Bread forms a staple part of most pensioners’ diet and in addition to the traditional brown and white, there is now a wide variety of types offering a range of different tastes and textures.

With its fluffy texture and good crust, granary bread is perfect for sandwiches, while rye bread is much firmer, and cut thinly is ideal as roofing slates, non-slip bath mats and ornamental coasters.

Sourdough is made from the fur of disgruntled rabbits, whereas focaccia is made by disgruntled Italians and normally fed to rabbits.

Baguettes can be hollowed out and filled with Semtex to make effective IEDs, and treating a cob loaf in a similar way gives you a very serviceable hat, an intriguing plant container or a handy nest for about a dozen long-tailed tits.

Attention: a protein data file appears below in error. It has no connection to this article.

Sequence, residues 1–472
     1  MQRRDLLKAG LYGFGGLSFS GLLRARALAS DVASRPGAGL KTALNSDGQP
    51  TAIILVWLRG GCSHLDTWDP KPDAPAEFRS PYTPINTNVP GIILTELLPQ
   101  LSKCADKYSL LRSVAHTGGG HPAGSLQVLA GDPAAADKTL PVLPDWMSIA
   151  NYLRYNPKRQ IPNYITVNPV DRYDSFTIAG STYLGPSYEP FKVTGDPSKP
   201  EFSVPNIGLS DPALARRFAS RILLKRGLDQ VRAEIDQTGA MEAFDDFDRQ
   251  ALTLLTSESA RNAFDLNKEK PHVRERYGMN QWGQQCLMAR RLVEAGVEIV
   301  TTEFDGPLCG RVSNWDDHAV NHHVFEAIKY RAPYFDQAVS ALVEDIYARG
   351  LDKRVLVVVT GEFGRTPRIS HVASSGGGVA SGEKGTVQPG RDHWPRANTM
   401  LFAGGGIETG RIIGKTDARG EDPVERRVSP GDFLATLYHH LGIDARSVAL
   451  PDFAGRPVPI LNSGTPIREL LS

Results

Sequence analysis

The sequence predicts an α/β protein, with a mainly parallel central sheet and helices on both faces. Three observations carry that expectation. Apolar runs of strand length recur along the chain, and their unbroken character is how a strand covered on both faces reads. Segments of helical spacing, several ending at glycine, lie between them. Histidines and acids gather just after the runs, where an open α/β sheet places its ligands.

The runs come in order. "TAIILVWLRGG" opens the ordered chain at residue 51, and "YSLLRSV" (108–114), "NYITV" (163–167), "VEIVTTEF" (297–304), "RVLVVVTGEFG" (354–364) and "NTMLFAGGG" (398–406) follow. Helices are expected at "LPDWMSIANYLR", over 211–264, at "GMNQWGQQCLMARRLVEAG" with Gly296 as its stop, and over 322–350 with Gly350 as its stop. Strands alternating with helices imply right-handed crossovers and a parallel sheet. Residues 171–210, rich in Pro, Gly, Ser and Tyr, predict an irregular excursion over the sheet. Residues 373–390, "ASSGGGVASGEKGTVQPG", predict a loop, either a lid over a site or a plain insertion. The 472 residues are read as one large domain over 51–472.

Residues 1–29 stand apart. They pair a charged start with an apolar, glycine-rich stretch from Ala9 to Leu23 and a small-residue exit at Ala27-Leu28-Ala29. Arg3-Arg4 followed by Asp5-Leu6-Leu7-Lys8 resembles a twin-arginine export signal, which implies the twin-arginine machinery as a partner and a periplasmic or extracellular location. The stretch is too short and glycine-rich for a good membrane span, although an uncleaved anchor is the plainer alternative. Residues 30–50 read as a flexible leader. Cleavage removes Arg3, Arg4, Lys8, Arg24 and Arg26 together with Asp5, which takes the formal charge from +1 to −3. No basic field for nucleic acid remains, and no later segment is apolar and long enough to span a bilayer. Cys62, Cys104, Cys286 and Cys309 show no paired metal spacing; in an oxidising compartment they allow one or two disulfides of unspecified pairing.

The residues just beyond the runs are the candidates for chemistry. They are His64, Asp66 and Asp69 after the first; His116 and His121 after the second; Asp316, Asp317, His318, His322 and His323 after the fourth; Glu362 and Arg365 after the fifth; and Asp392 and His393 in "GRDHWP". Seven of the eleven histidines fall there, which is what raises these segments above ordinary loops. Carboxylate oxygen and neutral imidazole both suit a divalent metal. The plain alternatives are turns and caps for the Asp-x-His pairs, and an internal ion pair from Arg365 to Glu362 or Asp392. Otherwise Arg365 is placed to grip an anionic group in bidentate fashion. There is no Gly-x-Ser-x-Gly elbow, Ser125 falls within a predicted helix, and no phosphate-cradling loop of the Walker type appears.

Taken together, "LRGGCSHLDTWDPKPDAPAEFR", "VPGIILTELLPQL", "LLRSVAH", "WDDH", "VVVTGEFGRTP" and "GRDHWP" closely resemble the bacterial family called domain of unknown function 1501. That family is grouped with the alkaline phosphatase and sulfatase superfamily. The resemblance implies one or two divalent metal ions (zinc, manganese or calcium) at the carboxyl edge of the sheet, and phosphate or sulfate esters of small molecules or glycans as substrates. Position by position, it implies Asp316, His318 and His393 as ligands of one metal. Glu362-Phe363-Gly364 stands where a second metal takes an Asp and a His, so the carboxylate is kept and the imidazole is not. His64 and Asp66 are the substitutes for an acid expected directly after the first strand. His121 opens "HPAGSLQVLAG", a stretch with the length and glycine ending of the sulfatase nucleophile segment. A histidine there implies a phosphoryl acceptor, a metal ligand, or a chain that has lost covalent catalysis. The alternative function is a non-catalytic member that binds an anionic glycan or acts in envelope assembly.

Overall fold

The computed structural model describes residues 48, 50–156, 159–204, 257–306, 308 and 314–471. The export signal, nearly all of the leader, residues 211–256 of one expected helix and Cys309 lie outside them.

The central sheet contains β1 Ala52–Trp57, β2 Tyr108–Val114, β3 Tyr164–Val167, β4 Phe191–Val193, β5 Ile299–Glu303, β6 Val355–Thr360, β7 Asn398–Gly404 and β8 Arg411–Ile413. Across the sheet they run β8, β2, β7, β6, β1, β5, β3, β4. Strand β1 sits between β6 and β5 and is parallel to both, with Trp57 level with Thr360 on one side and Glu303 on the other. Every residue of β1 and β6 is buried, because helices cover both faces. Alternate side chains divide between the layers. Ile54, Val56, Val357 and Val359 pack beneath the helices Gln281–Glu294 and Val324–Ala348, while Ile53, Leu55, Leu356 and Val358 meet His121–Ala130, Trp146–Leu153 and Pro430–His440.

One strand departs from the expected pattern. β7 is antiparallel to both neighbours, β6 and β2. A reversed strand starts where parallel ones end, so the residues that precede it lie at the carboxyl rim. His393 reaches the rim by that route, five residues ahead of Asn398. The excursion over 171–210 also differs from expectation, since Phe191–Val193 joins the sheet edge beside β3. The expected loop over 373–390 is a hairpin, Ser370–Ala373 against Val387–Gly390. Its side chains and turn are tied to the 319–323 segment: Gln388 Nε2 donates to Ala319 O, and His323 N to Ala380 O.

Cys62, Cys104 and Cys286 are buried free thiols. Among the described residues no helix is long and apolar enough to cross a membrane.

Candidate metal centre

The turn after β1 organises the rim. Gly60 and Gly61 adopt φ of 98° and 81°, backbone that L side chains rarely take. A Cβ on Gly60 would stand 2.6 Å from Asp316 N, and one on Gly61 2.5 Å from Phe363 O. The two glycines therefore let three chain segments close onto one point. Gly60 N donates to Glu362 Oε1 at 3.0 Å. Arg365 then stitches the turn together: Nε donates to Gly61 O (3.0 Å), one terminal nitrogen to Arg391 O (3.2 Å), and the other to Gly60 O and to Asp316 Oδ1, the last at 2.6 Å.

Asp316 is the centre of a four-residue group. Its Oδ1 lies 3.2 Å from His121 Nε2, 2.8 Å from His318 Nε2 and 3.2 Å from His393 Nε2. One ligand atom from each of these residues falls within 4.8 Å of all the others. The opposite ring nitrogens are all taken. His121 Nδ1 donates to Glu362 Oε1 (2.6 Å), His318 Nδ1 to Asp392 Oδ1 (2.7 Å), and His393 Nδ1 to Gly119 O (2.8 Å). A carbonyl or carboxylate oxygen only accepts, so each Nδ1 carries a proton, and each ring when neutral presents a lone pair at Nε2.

Speciality breads are becoming increasingly popular and among those well worth sampling is jannock – an oatmeal bread from the north of England, traditionally topped with coal; Johnny-cake – a flat bread made from maize and originally used as a Dutch cap by Flemish settlers in Pennsylvania; and rugbrod – a Danish bread cooked in a burning carpet and also used to make wigs.

Making your own bread is a fairly straightforward process, though care should always be taken in the handling of yeast, which can expand to fill an average 3-bedroom detached house if left unattended overnight.

The best bread in England is produced by Mark Bennett, who has three shops in and around Poole in Dorset.